On Friday, I spent nearly the entire day on my computer. I worked, I read news sites, I shopped, I perused blogs, I watched videos on Youtube, I listened to my Pandora stations, I chatted with friends and coworkers. Then that evening, I logged off my computer, kept the TV turned off, and shifted my attention to the pile of newspapers that had been collecting and neglected all week.

For all the hoopla about the immediacy, efficiency, and digital connectedness of a laptop / iPhone/ netbook / iPad / Kindle / Blackberry / enterotherelectronicdevicehere, something interesting dawned on me while I was blackening my fingers with newspaper ink. I realized that there is one thing that electronic media wasn't able to do for me, and that is to give me a true one-on-one connection with the story.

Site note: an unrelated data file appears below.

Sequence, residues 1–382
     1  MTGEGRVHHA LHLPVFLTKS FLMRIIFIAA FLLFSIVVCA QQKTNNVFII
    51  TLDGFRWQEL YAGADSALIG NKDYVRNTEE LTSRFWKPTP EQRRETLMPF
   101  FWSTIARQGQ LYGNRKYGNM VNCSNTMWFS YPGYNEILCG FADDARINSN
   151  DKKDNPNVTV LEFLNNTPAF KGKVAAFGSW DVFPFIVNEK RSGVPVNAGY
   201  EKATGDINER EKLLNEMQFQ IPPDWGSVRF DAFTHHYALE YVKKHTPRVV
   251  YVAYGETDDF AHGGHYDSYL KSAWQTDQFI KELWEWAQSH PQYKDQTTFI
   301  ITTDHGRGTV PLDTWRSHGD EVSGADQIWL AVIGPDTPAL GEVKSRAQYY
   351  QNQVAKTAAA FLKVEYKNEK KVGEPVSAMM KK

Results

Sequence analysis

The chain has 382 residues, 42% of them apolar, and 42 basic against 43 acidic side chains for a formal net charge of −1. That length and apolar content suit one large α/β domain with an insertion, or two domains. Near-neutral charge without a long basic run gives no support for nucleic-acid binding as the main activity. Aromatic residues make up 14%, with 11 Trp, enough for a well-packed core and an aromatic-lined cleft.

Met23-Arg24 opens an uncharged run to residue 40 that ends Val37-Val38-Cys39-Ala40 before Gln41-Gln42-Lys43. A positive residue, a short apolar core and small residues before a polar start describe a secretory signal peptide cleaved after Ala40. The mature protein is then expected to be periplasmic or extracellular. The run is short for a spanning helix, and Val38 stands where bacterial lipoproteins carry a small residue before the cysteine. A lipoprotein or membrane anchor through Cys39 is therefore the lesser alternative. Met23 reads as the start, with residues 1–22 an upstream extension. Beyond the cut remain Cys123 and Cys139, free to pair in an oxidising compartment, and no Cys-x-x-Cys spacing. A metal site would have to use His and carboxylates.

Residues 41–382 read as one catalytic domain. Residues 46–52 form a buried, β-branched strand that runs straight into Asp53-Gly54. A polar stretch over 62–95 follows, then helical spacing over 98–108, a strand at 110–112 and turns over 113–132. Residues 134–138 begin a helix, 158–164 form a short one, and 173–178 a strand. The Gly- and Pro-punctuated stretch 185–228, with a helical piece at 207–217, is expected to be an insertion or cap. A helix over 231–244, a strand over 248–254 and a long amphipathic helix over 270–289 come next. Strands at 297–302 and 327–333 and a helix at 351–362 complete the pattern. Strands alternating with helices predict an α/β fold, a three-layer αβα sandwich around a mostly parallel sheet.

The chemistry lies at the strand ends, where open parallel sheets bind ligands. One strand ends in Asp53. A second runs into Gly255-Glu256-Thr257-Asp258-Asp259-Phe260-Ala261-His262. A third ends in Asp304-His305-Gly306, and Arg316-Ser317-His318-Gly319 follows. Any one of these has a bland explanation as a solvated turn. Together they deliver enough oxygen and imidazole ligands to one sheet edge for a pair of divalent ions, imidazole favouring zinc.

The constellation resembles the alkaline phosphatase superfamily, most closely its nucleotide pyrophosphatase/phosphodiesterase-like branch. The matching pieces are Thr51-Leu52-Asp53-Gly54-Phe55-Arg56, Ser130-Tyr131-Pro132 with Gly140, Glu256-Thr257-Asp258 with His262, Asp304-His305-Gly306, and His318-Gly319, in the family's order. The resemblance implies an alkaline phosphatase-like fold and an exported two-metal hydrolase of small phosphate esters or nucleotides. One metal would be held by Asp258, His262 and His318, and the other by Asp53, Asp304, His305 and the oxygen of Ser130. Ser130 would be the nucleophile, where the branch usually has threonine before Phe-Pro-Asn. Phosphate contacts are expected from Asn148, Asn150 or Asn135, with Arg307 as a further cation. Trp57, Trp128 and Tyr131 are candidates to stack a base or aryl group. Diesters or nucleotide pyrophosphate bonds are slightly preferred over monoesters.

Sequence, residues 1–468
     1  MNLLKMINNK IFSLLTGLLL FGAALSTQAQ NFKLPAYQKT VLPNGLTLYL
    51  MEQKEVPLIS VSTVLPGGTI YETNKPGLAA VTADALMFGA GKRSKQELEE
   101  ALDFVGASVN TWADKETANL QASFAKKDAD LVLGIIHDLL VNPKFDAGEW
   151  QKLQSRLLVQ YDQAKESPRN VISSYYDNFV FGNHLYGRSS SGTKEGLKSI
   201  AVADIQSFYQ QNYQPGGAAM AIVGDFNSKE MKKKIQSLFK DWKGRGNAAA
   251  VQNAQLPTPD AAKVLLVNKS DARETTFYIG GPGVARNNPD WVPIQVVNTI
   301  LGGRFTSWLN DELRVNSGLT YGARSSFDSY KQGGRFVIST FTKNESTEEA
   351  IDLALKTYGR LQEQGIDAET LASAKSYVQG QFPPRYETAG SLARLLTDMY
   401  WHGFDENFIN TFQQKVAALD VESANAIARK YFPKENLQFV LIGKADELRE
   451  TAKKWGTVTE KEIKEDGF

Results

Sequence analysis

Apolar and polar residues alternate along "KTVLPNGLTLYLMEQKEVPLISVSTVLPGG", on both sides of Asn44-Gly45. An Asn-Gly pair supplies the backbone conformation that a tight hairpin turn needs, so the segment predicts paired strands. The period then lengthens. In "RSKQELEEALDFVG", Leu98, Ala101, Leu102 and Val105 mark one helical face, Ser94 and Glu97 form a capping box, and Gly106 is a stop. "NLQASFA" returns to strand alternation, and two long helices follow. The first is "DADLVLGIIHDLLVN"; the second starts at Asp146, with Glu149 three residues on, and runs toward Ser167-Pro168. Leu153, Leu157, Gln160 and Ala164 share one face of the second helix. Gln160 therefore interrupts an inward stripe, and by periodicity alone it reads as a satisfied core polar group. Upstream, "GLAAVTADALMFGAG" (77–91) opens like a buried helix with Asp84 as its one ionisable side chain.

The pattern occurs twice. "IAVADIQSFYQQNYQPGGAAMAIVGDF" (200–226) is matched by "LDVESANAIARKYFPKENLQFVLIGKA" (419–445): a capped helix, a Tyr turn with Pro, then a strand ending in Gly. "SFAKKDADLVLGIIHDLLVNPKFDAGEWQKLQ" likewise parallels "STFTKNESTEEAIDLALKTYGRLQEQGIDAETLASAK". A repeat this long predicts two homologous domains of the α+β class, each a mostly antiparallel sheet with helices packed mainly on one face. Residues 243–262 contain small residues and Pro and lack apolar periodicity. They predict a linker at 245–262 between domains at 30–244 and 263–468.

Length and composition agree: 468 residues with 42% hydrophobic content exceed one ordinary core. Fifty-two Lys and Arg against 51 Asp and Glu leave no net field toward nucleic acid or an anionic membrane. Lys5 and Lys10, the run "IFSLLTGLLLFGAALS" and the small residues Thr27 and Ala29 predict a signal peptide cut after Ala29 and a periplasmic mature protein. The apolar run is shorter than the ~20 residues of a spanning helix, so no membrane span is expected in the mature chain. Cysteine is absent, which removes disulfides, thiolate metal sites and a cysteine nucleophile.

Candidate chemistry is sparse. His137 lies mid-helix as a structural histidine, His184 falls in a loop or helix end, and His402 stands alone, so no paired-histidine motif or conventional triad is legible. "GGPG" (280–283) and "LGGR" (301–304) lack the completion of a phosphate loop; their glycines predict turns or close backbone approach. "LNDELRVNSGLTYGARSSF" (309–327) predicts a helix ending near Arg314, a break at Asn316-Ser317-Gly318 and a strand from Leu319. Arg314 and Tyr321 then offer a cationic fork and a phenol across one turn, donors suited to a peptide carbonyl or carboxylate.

The Internet, in all its glory, is really just a crap load of information-- most of which you don't want or need, but hey, it's there-- or what the CE industry calls "content." Lots 'o content. Lots 'o stuff. All this stuff makes it extremely easy to get distracted. Sure, reading a story online can provide a richer experience, what with all the hyperlinks, the associated videos, audio, etc. Even when I was playing with the NPR app on my mom's iPad, I was mesmerized by all the neat features: the article itself, the links, and the corresponding NPR audio piece with the predictably calm voices. But, what's ironic is that although the Internet can provide this richer experience, it also distracts me. Sometimes, I just want to focus on one medium, like the written word or only the scenes on the television set. Sometimes, I want to focus only on reading about Kate Gosselin's Dancing with the Stars drama and bitchiness and not be tempted to click on the link that tells me about Jon's latest attempts at one-upping his ex-wife.